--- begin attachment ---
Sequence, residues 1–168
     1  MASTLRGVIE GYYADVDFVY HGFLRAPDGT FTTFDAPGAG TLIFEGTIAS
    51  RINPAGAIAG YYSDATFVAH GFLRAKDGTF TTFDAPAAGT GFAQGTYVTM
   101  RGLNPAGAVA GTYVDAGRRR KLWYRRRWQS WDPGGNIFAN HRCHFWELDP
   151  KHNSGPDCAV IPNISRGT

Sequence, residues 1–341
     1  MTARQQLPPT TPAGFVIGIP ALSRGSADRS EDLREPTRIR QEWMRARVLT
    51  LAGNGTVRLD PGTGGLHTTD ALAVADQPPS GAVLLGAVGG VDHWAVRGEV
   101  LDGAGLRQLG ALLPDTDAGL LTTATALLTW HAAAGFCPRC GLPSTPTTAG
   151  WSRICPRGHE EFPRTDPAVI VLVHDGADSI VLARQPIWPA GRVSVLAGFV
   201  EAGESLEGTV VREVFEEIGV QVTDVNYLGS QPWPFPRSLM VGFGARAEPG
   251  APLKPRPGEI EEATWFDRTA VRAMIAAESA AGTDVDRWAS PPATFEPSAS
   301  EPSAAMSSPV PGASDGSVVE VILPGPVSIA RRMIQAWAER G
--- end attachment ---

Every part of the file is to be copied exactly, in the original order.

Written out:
Sequence, residues 1–168
     1  MASTLRGVIE GYYADVDFVY HGFLRAPDGT FTTFDAPGAG TLIFEGTIAS
    51  RINPAGAIAG YYSDATFVAH GFLRAKDGTF TTFDAPAAGT GFAQGTYVTM
   101  RGLNPAGAVA GTYVDAGRRR KLWYRRRWQS WDPGGNIFAN HRCHFWELDP
   151  KHNSGPDCAV IPNISRGT

Sequence, residues 1–341
     1  MTARQQLPPT TPAGFVIGIP ALSRGSADRS EDLREPTRIR QEWMRARVLT
    51  LAGNGTVRLD PGTGGLHTTD ALAVADQPPS GAVLLGAVGG VDHWAVRGEV
   101  LDGAGLRQLG ALLPDTDAGL LTTATALLTW HAAAGFCPRC GLPSTPTTAG
   151  WSRICPRGHE EFPRTDPAVI VLVHDGADSI VLARQPIWPA GRVSVLAGFV
   201  EAGESLEGTV VREVFEEIGV QVTDVNYLGS QPWPFPRSLM VGFGARAEPG
   251  APLKPRPGEI EEATWFDRTA VRAMIAAESA AGTDVDRWAS PPATFEPSAS
   301  EPSAAMSSPV PGASDGSVVE VILPGPVSIA RRMIQAWAER G